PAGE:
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- Arrest warrants filed for six drug suspects in Cape (7/19/16)6
- Area groups working together to reintroduce elk in Missouri (7/18/16)1
- Pincksten's newest renovation project: 328 S. Spanish St. (7/17/16)6
- Suspect in downtown Cape shooting ID'd in court (7/20/16)2
- Trooper-involved homicide case rests in prosecutor's hands (7/17/16)15
- Jackson's former police dog euthanized Monday (7/21/16)1
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- Governor signs Rep. Swan bill that equalizes child-custody criteria (7/6/16)5
- Jackson roundabout on schedule, on budget (7/19/16)7
Myanmar recruits world's largest number of boy soldiers
BANGKOK, Thailand -- Children are being snatched off the streets of Myanmar and forced to fight and commit atrocities in an army with the world's largest number of boy soldiers, according to human rights investigators.
A report released Tuesday by Human Rights Watch claims that as many as 70,000 soldiers in Myanmar's national army were under 18, with the vast majority forcibly conscripted.
Myanmar, also known as Burma, fields an army of some 350,000 to fight a variety of ethnic minority groups that also reportedly recruit boys into their ranks.
"To be a boy in Burma today means facing the constant risk of being picked up off the street, forced to commit atrocities against villagers, and never seeing your family again," the New York group said in the report.
Myanmar denied the allegations.
"The government finds it very difficult to understand on what basis it is making such claims, saying that 20 percent of the national army is made up of underage children," it said in a statement.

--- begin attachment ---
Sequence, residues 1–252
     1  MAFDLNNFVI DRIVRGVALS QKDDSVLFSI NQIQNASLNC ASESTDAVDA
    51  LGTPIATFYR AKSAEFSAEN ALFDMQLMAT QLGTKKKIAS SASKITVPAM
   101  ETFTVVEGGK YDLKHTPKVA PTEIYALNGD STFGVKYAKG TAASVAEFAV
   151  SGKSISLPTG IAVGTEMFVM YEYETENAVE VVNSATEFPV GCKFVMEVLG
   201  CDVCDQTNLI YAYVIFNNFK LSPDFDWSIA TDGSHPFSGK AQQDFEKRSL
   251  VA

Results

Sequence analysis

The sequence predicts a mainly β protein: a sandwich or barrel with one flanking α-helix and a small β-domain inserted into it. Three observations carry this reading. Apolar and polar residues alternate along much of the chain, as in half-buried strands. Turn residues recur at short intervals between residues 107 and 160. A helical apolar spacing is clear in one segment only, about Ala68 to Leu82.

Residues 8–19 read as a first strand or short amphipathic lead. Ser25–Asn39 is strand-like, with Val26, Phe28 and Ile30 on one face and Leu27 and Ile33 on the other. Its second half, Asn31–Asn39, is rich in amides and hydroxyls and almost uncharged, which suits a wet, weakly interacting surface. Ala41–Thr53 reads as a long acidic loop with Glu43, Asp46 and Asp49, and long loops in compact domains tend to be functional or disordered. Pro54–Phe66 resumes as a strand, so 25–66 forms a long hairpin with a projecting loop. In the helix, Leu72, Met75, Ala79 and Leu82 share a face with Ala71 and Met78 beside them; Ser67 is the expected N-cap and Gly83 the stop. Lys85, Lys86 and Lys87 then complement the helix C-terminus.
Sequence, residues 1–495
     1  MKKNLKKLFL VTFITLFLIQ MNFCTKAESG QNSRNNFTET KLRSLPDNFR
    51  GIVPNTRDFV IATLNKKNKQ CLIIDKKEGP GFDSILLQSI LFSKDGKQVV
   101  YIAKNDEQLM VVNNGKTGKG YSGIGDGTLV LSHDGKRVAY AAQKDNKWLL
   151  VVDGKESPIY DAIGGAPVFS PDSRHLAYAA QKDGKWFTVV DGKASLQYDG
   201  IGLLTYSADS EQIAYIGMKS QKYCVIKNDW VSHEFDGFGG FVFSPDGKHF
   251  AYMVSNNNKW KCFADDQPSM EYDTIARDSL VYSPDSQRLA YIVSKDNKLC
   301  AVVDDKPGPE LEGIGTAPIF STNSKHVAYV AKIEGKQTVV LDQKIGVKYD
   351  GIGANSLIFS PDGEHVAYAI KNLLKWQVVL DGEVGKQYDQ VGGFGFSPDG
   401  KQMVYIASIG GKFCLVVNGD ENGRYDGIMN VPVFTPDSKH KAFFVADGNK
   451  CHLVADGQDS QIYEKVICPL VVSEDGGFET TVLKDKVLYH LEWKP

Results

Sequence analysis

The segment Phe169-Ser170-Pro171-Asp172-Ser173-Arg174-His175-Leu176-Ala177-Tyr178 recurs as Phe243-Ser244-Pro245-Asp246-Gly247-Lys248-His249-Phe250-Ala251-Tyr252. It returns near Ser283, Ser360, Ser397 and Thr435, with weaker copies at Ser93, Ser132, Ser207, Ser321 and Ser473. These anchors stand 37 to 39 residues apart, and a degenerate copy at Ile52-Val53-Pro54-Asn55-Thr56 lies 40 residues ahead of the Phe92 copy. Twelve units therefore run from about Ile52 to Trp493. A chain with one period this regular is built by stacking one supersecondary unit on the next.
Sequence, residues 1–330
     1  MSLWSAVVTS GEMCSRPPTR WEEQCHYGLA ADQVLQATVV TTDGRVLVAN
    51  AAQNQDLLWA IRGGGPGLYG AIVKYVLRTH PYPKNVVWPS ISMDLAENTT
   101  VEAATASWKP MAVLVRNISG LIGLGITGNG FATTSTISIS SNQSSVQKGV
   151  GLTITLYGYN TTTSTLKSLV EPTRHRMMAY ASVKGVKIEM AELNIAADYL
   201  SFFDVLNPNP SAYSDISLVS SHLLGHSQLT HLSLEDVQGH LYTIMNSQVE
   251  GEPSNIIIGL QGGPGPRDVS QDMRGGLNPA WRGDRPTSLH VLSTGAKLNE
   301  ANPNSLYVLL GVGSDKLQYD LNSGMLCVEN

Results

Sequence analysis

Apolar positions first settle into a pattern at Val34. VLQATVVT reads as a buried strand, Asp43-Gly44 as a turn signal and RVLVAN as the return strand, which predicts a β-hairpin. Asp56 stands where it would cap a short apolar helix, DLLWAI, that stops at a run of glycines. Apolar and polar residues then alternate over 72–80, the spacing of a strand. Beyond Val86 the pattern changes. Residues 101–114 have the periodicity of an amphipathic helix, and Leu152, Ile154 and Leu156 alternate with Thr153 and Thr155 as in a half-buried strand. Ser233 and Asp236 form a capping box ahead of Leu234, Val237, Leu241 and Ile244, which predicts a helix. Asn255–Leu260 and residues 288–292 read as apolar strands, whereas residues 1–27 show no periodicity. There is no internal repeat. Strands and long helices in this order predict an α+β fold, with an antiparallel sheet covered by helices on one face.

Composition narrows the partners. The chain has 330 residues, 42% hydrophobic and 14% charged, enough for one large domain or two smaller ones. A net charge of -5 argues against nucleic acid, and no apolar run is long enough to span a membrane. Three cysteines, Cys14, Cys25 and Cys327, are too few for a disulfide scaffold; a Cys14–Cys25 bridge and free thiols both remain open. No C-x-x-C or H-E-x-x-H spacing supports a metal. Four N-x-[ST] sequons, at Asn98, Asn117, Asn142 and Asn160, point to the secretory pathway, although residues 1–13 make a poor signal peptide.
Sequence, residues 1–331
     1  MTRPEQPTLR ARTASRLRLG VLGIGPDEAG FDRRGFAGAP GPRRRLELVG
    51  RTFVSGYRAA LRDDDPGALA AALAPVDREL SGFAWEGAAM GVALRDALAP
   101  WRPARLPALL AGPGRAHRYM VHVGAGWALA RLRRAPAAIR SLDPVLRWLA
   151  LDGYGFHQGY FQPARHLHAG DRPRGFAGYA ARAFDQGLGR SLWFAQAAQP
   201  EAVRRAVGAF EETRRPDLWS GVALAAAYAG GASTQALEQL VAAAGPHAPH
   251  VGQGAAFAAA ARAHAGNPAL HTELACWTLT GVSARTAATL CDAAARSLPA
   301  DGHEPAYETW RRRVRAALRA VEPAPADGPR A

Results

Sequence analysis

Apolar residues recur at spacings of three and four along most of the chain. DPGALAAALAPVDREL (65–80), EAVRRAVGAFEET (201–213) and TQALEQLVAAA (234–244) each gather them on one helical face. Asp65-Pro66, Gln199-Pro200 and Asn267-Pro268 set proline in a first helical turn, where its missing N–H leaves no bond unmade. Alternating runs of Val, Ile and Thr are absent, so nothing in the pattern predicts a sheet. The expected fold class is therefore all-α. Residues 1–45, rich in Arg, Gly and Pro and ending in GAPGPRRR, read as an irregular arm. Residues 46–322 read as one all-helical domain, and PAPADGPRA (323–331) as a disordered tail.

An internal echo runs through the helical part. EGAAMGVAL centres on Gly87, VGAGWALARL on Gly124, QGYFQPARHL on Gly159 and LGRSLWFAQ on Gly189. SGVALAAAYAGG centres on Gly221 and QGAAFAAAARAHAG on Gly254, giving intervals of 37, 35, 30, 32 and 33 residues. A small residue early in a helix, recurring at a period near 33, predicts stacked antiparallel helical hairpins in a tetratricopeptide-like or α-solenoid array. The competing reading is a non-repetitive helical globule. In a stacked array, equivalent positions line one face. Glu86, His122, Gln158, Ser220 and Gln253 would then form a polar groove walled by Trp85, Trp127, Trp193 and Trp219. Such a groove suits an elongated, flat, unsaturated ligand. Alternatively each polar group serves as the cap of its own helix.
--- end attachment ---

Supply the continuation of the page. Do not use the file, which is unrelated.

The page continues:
The human rights group said the report drew on interviews with current and former child soldiers to examine recruitment by the army and 19 opposition groups.
The report said recruiters for the army apprehend boys at bus and train stations, markets and other public places, threatening them with jail if they refuse to join.
Recruits are allegedly sent to camps where they undergo weapons training, are routinely beaten and brutally punished or killed if they attempt to escape.
Boys as young as 12 are sent into combat and forced to commit abuses against civilians, rounding up villagers for forced labor, burning villages and carrying out executions, according to Human Rights Watch.
The report quotes one 14-year-old boy who said the army conscripted his 11-year-old friend, who was beaten by guards for crying because he didn't get enough food.
Another boy soldier described how his unit rounded up 15 women and children, shooting the mothers and beating babies to death against rocks. He was 13 at the time, the report said.
Children are also found in the ranks of rebel groups, some of which have long been fighting for greater autonomy from the central government.
The United Wa State Army, known for involvement in drug trafficking, has the largest number of boy soldiers while the Kachin Independence Army also recruits girls, the report found.
Youngsters are also enlisted in forces of the Karen, Shan and Karenni rebels, although the three have official policies against recruiting anyone under 18.
One rebel group, the Karen National Union, says it takes in orphans but denies using child soldiers in combat. "We don't give them military training. Our policy is not to let the children soldiers fight," Mahnshar Laphan, the group's general secretary, said in an interview.
In early 2001, two 12-year-old twins, Luther and Johnny Htu, sought refuge in Thailand after leading a rebel band of Karens known as God's Army.
Myanmar leads the world in the number of boy soldiers because the army has difficulty finding adult recruits and desertion rates are high in a force that has doubled since 1988, said Jo Becker, the children's rights advocacy director for Human Rights Watch.
The Coalition to Stop the Use of Child Soldiers last year estimated that more than 300,000 children were fighting as soldiers in 41 countries.
The London-based coalition said the children, about 120,000 of them in African armies, were used as front-line fighters, minesweepers, spies, porters and sex slaves.
International law prohibits recruiting children under the age of 15, while several United Nations conventions condemn the practice of having anyone under 18 serve as a soldier.